On June 1st, the 21st Century China Center at the UC San Diego School of Global Policy and Strategy (GPS) hosted an event titled “China’s Gilded Age.” The talk featured a presentation and Q&A session on China’s economic growth-corruption paradox led by speaker Dr. Yuen Yuen Ang. Dr. Ang is a Professor of Political Science at the University of Michigan and an expert on China and emerging economies. China Focus Staff Writer Alex Schiller reflects on the event and offers his perspective below.
China’s meteoric rise as the world’s second-largest economy began in the late 1970s under Deng Xiaoping’s leadership with various free-market reforms. The reforms ushered in a new era of economic growth in China, unseen by any other country in modern history, but brought with it increasing corruption in the public sector. According to the Congressional Research Service, bribery, ignoring regulations, and harassing the competition of a favored enterprise remain problematic as China shifts its growth strategy towards innovation and domestic consumption. CSIS adds diversion of public funds to the list.
Through Xi Jinping’s “anti-corruption campaign,” there has been little tangible change to China’s corruption problem. China scores 40 out of 100 on the Corruptions Perception Index (CPI), ranking 83 on the list. From 2011 to 2018, China’s average score was 39.125, with a median of 39.5. The campaign, regardless of the reported successes from the Chinese government, has done little to add transparency to government actions. Transparency, a necessity in preventing and exposing corruption, remains low at all levels of government. Despite this level of corruption, China surprisingly maintained steady economic growth during that period. Dr. Ang sought to explain how.
Reflection on the Discussion
Dr. Ang presented a new, multidimensional corruption ranking, which was originally published in her paper Unbundling Corruption: Revisiting Six Questions on Corruption. She lists four types of corruption: petty theft, speed money, grand theft, and access money. These are based on two categories, elites or non-elites, and theft or exchanges. At the start of her presentation, Dr. Ang posed a question: “Why did [China’s] economy boom despite massive corruption?” The answer to the mystery was straightforward. The exchange of wealth and power among the elite, known as access money, was the dominant form of corruption in China during its three decades of fast-paced growth. Elites would pass laws to benefit each other’s businesses or use their positions to obtain cheap land and lucrative government contracts.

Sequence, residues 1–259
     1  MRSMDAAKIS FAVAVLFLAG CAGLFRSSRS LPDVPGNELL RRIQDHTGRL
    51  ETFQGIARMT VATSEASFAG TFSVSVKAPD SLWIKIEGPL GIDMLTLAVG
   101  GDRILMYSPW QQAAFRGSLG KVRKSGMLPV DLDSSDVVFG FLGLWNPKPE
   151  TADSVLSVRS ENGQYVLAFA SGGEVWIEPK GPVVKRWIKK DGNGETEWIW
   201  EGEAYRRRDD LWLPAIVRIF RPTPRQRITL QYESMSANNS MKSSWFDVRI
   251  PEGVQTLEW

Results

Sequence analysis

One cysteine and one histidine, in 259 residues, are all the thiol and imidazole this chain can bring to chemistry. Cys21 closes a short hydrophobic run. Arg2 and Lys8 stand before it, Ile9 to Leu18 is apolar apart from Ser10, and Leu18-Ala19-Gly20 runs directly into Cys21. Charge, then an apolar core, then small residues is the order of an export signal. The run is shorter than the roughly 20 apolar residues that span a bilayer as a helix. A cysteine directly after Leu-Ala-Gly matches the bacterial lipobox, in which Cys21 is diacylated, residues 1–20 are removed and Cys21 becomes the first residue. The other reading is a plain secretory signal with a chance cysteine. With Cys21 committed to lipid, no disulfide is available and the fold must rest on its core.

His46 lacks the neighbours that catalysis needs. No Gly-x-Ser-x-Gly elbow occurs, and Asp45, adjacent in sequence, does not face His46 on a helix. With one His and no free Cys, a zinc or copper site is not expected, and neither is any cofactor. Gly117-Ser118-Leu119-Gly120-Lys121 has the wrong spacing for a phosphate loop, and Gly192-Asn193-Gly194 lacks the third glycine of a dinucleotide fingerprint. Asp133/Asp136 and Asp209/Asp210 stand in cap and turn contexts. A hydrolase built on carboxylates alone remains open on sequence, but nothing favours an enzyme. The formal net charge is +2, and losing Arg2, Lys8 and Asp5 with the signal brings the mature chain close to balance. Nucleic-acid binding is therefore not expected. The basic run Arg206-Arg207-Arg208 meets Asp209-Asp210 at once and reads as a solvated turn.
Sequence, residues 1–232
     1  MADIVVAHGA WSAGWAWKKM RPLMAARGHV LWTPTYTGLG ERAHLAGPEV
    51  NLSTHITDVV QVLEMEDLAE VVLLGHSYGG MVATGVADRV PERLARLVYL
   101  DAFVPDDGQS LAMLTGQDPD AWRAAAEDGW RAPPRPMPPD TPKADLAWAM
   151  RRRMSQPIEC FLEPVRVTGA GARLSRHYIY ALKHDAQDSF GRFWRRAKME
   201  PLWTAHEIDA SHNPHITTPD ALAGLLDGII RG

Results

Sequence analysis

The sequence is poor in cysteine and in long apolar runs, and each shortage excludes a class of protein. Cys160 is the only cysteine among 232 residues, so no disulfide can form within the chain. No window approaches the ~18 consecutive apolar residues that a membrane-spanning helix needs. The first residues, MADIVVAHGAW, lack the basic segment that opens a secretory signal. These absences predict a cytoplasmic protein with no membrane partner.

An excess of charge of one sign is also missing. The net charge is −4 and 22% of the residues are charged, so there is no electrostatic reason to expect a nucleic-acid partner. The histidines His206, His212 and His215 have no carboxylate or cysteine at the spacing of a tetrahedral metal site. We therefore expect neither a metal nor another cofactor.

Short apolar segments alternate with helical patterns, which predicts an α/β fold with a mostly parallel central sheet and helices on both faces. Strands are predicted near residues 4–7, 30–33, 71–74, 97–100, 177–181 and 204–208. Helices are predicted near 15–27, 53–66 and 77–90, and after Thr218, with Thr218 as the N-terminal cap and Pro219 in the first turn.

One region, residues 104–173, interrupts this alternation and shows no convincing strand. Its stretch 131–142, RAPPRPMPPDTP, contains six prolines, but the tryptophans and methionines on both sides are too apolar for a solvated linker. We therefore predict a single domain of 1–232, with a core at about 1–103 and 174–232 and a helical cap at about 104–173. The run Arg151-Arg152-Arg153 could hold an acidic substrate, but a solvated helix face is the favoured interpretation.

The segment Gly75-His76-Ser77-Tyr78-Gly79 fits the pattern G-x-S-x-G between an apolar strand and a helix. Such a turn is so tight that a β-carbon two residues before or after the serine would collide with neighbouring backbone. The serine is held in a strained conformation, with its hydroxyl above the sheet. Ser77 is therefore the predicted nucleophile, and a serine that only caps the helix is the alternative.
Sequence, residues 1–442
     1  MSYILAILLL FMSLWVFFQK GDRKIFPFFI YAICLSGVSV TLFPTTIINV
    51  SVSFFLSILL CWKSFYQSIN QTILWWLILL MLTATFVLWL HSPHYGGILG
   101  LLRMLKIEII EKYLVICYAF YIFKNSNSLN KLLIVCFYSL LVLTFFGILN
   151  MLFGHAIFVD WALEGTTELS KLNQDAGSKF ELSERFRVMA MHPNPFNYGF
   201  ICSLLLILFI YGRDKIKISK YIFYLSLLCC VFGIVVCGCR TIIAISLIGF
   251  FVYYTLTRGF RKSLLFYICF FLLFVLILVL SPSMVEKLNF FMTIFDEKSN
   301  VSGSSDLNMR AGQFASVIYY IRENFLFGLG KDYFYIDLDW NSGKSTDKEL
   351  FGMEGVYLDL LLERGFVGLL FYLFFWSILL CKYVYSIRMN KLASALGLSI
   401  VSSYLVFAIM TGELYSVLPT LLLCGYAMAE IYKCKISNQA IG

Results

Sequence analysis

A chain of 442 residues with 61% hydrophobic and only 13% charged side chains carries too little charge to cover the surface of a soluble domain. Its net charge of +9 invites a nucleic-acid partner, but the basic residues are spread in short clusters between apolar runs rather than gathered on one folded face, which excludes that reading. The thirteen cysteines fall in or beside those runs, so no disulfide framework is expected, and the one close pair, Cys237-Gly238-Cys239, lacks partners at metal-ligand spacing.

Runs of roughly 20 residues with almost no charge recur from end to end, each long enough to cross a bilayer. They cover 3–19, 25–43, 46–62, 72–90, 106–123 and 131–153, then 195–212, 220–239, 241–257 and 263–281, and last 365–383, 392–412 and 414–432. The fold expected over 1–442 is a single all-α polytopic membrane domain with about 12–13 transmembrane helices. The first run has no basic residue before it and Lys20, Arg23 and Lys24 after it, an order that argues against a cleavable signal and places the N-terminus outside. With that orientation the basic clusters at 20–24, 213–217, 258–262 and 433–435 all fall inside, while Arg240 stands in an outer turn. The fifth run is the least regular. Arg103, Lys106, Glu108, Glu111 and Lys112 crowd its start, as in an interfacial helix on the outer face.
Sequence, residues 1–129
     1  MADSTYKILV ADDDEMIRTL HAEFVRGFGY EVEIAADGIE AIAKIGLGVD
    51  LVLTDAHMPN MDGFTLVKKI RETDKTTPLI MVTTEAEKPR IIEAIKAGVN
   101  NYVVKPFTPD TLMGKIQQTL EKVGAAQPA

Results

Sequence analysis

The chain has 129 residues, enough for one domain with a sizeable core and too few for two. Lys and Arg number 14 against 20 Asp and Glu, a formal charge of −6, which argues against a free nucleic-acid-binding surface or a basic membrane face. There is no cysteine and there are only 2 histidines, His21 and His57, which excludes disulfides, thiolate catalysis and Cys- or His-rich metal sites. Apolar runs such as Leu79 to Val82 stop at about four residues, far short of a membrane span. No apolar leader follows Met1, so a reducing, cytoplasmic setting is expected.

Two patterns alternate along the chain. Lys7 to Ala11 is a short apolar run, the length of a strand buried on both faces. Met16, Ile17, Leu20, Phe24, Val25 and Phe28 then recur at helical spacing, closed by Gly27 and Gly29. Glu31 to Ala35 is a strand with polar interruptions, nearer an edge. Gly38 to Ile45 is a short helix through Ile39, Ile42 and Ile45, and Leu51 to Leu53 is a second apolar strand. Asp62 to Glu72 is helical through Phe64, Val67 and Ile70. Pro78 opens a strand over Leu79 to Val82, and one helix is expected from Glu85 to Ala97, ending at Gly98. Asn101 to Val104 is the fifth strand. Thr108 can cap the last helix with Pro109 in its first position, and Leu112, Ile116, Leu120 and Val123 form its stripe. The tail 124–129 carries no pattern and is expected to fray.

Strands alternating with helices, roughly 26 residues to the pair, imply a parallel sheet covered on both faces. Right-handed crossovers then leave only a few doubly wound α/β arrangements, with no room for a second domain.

Interestingly, access money was not always the most significant source of corruption in China. Through the 1960s to early 1990s, petty corruption prevailed. Individuals would attempt to curry favor with officials through gifts or bribes. While it was prevalent, it was not a driver of growth. Petty bribes did enable small businesses and individuals to circumvent unjust local government enforcement of regulations, but only those who could afford it. The rise of access money began in the 1990s as senior-level officials, who could have taken petty bribes at a local level, took advantage of new reforms. As influential officials at the county and provincial jurisdictions, they were prime targets for illegal payoffs in exchange for favorable action.